I recently pitched a story to a prominent magazine about refugee returns to Syria. The editor I was speaking with said they were very interested but needed more pre-reporting before they could commit.Thread on what it’s like to be a freelance foreign correspondent in 2018. I recently pitched a story to a prominent magazine about refugee returns to Syria. The editor I was speaking with said they were very interested but needed more pre-reporting before they could commit.— Sulome Anderson (@SulomeAnderson) July 10, 2018
I recently pitched a story to a prominent magazine about refugee returns to Syria. The editor I was speaking with said they were very interested but needed more pre-reporting before they could commit.
Also important in this context to note that until last August, Arsal was overrun by ISIS and kidnapping is still very much a threat there. I was reporting without any security & with this editor's encouragement. She kept telling me they needed more info before they could commit.Around 800 refugees were recently returned to Syria from Arsal, a town in Lebanon near the Syrian border currently hosting over 50,000 refugees. These are photos I took when the refugees gathered for the journey to be returned. pic.twitter.com/XGlNrsrLfZ— Sulome Anderson (@SulomeAnderson) July 10, 2018
Over the course of two entire days spent at the camps, I spoke with many people who said they were essentially being forced back into Syria because of horrific humanitarian conditions as well as persecution and harassment by local residents.
I was told that some local men recently doused a 15-year-old mentally retarded Syrian boy with gasoline and electrocuted him to death. Lebanon prohibits the establishment of permanent refugee settlements and private landlords have recently been carrying out many mass evictions.
I wrote this VICE piece in 2015 about the desperate situation of Syrians in the country. Sadly, conditions have only become more inhospitable for them since it was published. https://t.co/lQ2tj9DeXn— Sulome Anderson (@SulomeAnderson) July 10, 2018
The recent returns from Arsal were negotiated with certain vague, rather disturbing terms. The regime has demanded that refugees coming back into the country be questioned and processed by Syrian intelligence. I've been told that many returnees are being imprisoned and tortured.
Upon arriving in Syria, the refugees are to be greeted by the regime army, which takes them to their local municipalities to pay fees for all utilities they would have paid during the years they were gone. Keep in mind, most of these people are struggling to feed themselves.
Then they must try to claim and register their homes, if they're still standing. In April, the Syrian government passed a law that demanded all displaced Syrians claim their homes by early May or risk forfeiting them, so the regime can confiscate any of their properties at will.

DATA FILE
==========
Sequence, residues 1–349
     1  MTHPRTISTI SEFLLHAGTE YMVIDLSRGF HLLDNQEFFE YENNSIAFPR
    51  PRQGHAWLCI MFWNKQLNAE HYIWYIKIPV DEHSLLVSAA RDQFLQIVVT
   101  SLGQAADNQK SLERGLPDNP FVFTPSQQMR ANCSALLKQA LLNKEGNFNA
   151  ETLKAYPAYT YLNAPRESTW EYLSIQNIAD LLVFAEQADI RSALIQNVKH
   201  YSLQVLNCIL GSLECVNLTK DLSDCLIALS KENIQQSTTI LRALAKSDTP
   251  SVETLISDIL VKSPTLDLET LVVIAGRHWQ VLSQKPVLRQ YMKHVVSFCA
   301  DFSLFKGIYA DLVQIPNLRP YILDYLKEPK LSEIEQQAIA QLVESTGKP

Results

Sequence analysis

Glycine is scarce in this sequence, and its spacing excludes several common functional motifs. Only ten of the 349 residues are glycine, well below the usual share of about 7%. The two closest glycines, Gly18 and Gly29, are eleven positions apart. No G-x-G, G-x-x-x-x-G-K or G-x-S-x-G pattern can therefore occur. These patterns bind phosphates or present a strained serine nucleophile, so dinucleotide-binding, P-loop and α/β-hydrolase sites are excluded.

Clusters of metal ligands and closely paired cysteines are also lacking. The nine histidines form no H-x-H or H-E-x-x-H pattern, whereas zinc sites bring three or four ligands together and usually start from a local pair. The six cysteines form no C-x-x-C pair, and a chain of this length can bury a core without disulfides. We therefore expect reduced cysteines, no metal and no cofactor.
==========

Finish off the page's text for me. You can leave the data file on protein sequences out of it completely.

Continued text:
Upon arriving, the refugees are to be strictly monitored by the regime and confined to their municipalities for six months without being allowed through checkpoints. To further complicate matters, Hezbollah just announced that it will also be processing prospective returnees.
According to the refugees I'm speaking with who are still in touch with those who have been returned to Syria, it's very difficult to get accurate information from the returnees because they're terrified of Syrian intelligence monitoring their calls. That fear is likely valid.
From what the people I've spoken with have heard, some returnees managed to find relatives to stay with and are settling in, while others have simply disappeared into Syrian prisons or are being terrorized by the shabiha, notorious pro-Assad militias renowned for sexual violence.
One 36-year-old man in an Arsal camp has 3 daughters. He put his family on the waiting list for the next group of returns despite knowing that he will be immediately conscripted into the regime army. That would leave his wife and daughters to brave dangers like the shabiha alone.
"We are very desperate," this man told me with tears in his eyes. "Because we fled our country, [the regime] will probably put us right at the front of the battle. But I would prefer war to living here in Lebanon. I'd willingly die to keep what's left of my pride."
Because I spent hours in the camps gaining people’s trust, refugees told me things I haven't seen in any other news coverage. I had over 5 hours of interviews and was planning to write a story that explores how the return process really plays out, something I have yet to see.
After all this work and the emotional toll it takes to report on such horrific human suffering, the editor tells me she’s sorry but they can’t take the piece. I was not compensated for any of my work and when I tried to sell the piece elsewhere, I got crickets from other editors.
I’m tired of fighting so hard to do an important job I love and know I’m good at. This was the last straw. I now intend to give up being a freelance foreign correspondent, move back to the States and focus completely on writing my second book, which is on radicalism in America.
I’m one of many journalists i know who have made the same decision in recent years. It has become completely unsustainable for my mental health to continue doing this job. The end result is that countless important, life-or-death stories like this will go untold. End.